Donald Trump Claims Stimulus Checks Are 'Ready To Be Sent' But Democrats Are Holding Them Back

President Donald Trump said in a tweet Friday afternoon that stimulus checks that would put $1,200 in the hands of many Americans were ready to go, but progressives were preventing them from being sent.

"The Democrats are holding back the $1,200 to $3,400 (family of four) checks that were ready to be sent out!" he wrote.

Currently, the Senate, which is led by Republican Majority Leader Mitch McConnell, is working on a trillion-dollar package that would provide additional relief to Americans. The bill would come as much of the previous legislation that was aimed at easing financial burdens facing many citizens begins to expire.

The new package reportedly would provide a second $1,200 payment to anyone who received the original check, while families would once again be eligible for up to $3,400.

But the Senate took a weekend break beginning on Thursday and won't return until Monday, which means it is unlikely that there will be any movement in the next few days.

Members of Congress are reportedly debating over proposals that would help people pay rent and buy food as the coronavirus pandemic continues to ravage much of the nation, CNET reported.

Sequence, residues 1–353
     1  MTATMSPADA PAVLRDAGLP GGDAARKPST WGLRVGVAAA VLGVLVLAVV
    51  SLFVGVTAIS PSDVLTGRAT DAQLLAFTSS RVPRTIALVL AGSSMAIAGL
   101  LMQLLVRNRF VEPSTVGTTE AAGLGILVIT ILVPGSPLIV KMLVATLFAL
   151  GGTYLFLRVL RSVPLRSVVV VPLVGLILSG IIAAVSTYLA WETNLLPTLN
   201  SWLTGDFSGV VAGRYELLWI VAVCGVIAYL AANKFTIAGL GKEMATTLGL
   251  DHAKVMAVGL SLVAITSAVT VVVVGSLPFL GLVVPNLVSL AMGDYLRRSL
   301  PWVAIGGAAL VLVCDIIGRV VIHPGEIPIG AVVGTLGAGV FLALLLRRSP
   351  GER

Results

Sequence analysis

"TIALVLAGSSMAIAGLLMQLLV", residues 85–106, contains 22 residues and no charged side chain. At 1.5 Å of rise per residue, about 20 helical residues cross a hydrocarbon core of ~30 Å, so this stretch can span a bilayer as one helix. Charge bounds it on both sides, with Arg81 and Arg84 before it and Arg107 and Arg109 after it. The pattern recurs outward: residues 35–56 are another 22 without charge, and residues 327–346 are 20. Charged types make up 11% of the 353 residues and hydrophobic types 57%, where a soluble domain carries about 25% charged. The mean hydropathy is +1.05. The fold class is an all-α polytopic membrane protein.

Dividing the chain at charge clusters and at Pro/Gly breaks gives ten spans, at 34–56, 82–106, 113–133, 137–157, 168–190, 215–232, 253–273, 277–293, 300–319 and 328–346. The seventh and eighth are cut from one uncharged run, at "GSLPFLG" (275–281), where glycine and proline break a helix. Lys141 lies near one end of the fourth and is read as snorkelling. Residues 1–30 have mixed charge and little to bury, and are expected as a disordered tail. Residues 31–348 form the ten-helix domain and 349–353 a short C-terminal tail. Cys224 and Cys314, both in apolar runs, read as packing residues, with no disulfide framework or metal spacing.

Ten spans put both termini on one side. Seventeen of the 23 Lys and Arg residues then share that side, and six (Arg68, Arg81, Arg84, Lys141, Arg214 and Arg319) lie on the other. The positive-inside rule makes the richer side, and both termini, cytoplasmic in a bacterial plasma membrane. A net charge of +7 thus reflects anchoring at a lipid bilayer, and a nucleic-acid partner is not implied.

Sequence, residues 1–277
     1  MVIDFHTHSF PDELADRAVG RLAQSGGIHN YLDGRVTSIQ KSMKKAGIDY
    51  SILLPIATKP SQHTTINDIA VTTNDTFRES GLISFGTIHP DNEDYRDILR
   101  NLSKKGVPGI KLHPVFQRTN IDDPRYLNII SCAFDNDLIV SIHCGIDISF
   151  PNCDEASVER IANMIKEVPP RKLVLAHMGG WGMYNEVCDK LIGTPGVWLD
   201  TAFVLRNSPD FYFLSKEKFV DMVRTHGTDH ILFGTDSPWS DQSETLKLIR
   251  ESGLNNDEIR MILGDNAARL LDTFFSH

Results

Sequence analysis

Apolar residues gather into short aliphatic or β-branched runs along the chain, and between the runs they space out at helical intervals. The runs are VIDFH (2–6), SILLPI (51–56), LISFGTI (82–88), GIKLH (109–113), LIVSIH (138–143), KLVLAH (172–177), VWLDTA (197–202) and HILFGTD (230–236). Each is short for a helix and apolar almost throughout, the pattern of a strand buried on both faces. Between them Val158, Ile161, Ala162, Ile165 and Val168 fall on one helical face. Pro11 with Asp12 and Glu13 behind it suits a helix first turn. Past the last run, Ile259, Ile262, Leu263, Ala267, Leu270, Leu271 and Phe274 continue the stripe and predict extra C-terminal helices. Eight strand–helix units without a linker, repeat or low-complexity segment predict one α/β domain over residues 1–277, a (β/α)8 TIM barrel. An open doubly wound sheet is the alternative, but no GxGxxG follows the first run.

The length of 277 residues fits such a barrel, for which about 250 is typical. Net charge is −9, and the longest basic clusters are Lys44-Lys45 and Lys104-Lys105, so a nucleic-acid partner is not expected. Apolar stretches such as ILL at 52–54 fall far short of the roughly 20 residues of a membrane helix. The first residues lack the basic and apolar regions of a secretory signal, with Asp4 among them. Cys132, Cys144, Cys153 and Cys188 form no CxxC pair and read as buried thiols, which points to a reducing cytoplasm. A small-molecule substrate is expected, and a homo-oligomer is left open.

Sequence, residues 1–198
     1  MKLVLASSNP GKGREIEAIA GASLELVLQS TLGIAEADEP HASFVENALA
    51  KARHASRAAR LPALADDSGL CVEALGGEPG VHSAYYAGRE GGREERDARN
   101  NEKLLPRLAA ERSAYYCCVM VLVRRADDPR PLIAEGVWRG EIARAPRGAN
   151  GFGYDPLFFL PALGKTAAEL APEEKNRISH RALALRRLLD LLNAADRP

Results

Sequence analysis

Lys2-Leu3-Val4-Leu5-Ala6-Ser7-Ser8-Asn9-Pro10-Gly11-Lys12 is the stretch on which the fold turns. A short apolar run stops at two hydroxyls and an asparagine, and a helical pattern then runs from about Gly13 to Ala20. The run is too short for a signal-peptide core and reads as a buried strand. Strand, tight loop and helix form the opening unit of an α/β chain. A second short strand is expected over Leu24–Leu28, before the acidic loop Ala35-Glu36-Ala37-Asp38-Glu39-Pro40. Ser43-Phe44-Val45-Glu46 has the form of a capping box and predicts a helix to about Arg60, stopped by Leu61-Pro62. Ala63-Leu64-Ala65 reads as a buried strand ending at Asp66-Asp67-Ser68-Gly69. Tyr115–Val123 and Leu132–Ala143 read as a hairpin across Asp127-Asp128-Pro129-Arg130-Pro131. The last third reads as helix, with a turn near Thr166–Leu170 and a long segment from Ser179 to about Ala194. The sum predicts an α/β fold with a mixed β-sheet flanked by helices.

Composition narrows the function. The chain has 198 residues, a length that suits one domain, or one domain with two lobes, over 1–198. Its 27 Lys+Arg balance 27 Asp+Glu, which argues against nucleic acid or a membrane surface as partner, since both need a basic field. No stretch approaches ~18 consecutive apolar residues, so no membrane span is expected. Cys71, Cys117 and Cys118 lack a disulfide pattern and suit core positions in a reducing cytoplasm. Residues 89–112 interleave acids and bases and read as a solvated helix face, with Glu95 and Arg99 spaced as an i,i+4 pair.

Both progressives and conservatives have said that they'd like to see a payment to U.S. citizens as part of the next stimulus and the White House has signaled that it, too, supports such a move. Democrats have criticized Republican proposals as being too weak.

While Trump didn't specify what he meant when he said that progressives were to blame for the delay, McConnell has said that Republicans made an effort to extend unemployment benefits but were stymied.

"Republicans tried several ways to extend unemployment benefits. Democrats blocked them all. They're refusing any more COVID relief for anyone unless they get a massive tax cut for rich people in blue states. The country can't afford this cynicism. Americans need help now," McConnell tweeted just hours before Trump's post.

U.S. Senate Majority Leader Mitch McConnell (R-KY) talks to reporters following the weekly Senate policy luncheon at the U.S. Capitol June 11, 2019 in Washington, DC. McConnell said the Senate plans to take up a funding bill to address the humanitarian crisis on the U.S.-Mexico border.
Getty Images | Chip Somodevilla

The negotiations have reportedly hit a bump over extending unemployment benefits to those who have lost their jobs as a result of the pandemic. Currently, people get $600 more than they normally would under the program, which is something that many Republicans have pushed against. There is also a push for rental assistance, which Trump has said he supports.

Congress will begin its summer recess on August 7. If a decision can be made before then, relief checks should begin heading out by the end of August. Otherwise, citizens will need to wait until September 8 when lawmakers return to their negotiations.